Dell reportedly has upped its offer for enterprise software maker Quest Software to about $2.32 billion, escalating a bidding war with investment firm Insight Venture Partners.
Quest officials disclosed June 25 that an unnamed bidder had increased its offer to $27.50 per share, though anonymous sources told Reuters and BloombergBusinessweek that the bidder was Dell. The worlds third-largest PC maker has been named in several reports over the past few weeks as being one of the tech vendors more interested in buying Quest, and less than two weeks ago reportedly offered $2.15 billion for the company.
Dell is bidding against Insight Venture Partners, an investment group that in March offered $2 billion to buy the 25-year-old software maker. Quest executives accepted the bid, but were given a period of time to shop around the offer to see if they could find a better deal somewhere else.
Quest officials have said that they have received interest from several companies, and that the latest offer is superior to any others. Insight Venture Partners can now match the latest bid or adjust its own offer.
Neither Dell nor Quest spokespeople have commented on the reported bidding war.
Dell is no stranger to bidding wars. In 2010, the company and Hewlett-Packard engaged in a high-profile 10-day bidding contest for storage vendor 3Par, a competition that HP eventually won with a bid of about $2.35 billion. Dell CEO Michael Dell said afterward that he believed HP vastly overpaid for the storage company, and that he was glad his company had pulled out of the bidding war.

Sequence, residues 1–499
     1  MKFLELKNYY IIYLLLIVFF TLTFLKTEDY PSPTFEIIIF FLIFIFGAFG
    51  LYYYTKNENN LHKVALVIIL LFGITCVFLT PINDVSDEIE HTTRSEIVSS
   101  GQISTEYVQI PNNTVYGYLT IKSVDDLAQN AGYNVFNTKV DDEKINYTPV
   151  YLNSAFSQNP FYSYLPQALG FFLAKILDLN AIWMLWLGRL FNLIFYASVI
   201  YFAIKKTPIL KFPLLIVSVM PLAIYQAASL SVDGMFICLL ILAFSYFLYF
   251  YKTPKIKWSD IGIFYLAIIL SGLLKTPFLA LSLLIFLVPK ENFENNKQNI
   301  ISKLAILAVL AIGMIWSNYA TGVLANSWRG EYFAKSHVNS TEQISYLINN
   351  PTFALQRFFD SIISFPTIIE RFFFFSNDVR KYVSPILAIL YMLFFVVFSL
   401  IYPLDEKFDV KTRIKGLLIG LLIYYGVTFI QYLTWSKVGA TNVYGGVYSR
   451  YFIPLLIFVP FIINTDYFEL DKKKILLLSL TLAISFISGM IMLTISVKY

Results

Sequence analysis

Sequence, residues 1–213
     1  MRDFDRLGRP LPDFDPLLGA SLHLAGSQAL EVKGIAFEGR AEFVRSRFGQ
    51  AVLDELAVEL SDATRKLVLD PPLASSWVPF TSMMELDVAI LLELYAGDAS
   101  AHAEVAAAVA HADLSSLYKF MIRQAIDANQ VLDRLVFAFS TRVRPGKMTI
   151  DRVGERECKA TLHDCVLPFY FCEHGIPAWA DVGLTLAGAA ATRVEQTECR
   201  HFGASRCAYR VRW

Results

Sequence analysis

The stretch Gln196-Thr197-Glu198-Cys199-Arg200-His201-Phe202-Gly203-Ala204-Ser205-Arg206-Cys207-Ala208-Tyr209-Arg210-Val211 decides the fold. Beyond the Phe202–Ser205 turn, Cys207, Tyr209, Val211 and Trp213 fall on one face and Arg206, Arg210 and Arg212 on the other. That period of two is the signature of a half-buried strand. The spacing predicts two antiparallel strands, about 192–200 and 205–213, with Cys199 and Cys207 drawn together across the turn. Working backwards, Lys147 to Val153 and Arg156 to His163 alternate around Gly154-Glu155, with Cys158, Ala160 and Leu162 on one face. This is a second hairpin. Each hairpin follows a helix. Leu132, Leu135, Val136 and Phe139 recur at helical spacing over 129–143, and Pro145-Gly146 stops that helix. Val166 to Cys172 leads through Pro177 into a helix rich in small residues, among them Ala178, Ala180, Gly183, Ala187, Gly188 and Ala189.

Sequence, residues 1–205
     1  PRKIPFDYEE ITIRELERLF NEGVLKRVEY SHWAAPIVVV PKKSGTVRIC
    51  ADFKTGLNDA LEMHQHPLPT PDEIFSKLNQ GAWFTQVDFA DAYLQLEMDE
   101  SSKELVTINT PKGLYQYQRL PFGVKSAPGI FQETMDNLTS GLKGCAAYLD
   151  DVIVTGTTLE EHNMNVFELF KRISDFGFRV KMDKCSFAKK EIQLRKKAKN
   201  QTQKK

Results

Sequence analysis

Dell has since bought other storage technology vendors, including Compellent and Ocarina Networks.
Dells interest in buying 3Par and the other storage companies came from the companys initiative to grow beyond its roots as a PC and server maker and become an enterprise IT solutions provider, enabling it to sell higher-margin products. That same desire is driving similar acquisition efforts in other areas, including networking and software.
Quest, which has been a partner of Dells since 2004, sells software that is designed to help businesses manage database, server and user workspaces, protect and back up data, and monitor performance. It would fall in line with Dells strategy, which is to sell software that complements what its doing with IT solutions, rather than become a one-off software vendor.
During a meeting with analysts earlier this month, Michael Dell and other executives said the company still has significant growing to do in a number of areas, including storage, networking and software, and that acquisitions would be a key tool to accomplish that.
"We have a modest software business, and that's an area where we can grow rapidly," Dell told the analysts, adding that the company has "some nice acquisitions, which are off to a good start."